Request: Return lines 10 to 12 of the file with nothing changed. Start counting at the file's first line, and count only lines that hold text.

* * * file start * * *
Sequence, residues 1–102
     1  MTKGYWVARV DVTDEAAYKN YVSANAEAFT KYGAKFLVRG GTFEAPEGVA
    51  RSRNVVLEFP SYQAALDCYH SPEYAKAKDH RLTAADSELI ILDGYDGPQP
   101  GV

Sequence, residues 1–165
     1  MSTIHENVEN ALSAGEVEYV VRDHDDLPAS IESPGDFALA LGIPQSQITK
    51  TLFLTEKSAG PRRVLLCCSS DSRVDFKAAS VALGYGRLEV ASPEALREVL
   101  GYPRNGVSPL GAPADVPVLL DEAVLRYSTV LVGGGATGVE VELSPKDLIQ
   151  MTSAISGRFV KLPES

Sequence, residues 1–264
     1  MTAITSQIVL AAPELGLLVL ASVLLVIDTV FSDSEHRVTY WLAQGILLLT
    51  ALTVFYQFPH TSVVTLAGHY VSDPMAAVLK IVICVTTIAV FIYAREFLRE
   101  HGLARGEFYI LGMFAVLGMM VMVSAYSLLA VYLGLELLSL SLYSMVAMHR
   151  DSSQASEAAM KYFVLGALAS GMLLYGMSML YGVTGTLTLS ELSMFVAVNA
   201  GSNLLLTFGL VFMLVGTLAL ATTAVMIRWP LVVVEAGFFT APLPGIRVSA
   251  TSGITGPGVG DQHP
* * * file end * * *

Sequence, residues 1–264
     1  MTAITSQIVL AAPELGLLVL ASVLLVIDTV FSDSEHRVTY WLAQGILLLT
    51  ALTVFYQFPH TSVVTLAGHY VSDPMAAVLK IVICVTTIAV FIYAREFLRE